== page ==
We are happy to call you during the auction and place bids on your behalf. To arrange phone bidding, please call Swann's bid department during business hours.
(212) 254-4710 ext. 0
Mon - Fri 10AM - 6PM
Or, e-mail a list of lots with the sale number and your contact information to firstname.lastname@example.org. Be sure to include a phone number where we can reach you.
Bids may also be submitted via fax. Send a list of lots with the sale number and your contact information to (212) 979-1017. You will receive a confirmation before the sale.Sale 2475 | Lot 79Estimate: $15,000 - $25,000
Click Image To EnlargeAdditional Images
Sale 2475 Lot 79
(DESIGN.) Ruhlmann, Jacques-Émile (also known as Émile-Jacques) Original vintage wallpaper book. Contains 47 plates of 19 different patterns with their variations in different colors; 37 plates appear to be lacking. Oblong folio, original bolt-bound soft leather stamped with Ruhlmann's gilt monogram"R," some creasing to the covers; specimens are on delicate paper, showing some hand wear along outer edges where pages have been turned, a few short clean tears and creases throughout, but most still quite clean and very bright. [Paris, circa 1919]
Estimate $15,000 - 25,000
an extremely scarce example of a wallpaper specimen book from the atelier of the great master of art deco design. Few institutions hold specimens of wallpaper samples from Ruhlmann's design boutique Ruhlmann et Laurent, which he founded with his partner, Pierre Laurent, among them, the Musée des Arts Décoratifs and Bibliothèque Forney, in Paris. Most museum samples are single sheets and many have been reconstructed from elements removed from a wall. Even incomplete, this is a rare volume and we know of no other bound folio in public or private collections.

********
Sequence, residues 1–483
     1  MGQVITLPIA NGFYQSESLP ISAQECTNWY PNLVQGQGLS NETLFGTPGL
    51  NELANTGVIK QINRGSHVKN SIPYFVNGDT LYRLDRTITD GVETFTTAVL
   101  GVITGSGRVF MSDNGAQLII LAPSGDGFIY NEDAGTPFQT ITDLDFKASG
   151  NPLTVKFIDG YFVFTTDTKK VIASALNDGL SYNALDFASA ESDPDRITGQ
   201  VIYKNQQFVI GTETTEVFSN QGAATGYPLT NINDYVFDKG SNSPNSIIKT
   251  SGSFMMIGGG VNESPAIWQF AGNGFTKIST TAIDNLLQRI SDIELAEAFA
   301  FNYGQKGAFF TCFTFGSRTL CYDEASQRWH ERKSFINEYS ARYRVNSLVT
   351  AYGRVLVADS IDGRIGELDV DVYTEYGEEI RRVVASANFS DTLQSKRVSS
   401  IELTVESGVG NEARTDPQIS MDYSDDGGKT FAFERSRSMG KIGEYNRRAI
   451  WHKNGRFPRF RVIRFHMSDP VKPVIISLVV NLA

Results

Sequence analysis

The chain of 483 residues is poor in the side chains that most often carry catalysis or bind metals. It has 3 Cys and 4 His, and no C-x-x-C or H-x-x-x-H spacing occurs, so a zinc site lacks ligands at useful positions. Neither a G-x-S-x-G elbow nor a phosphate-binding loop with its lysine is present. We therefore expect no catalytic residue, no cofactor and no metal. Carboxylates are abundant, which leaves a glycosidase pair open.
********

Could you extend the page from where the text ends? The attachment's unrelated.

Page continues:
Best known for his masterly furniture designs, Ruhlmann was determined to reestablish France's preeminence in the decorative arts through the avant-garde idiom of modernism. He was a perfectionist who was unabashed about his dedication to satisfying the desires of the wealthy whom, he believed, were in the position to support and propel his mission of exquisite tastemaking. In a 1920 he stated: 'A clientele of artists, intellectuals and connoisseurs of modest means is very congenial, but they are not in a position to pay for all the research, the experimentation, the testing that is needed to develop a new design. Only the very rich can pay for what is new and they alone can make it fashionable. Fashions don't start among the common people. Along with satisfying a desire for change, fashion's real purpose is to display wealth.' He further stated: 'Whether you want it or not, a style is just a craze. And fashion does not come up from humble backgrounds.'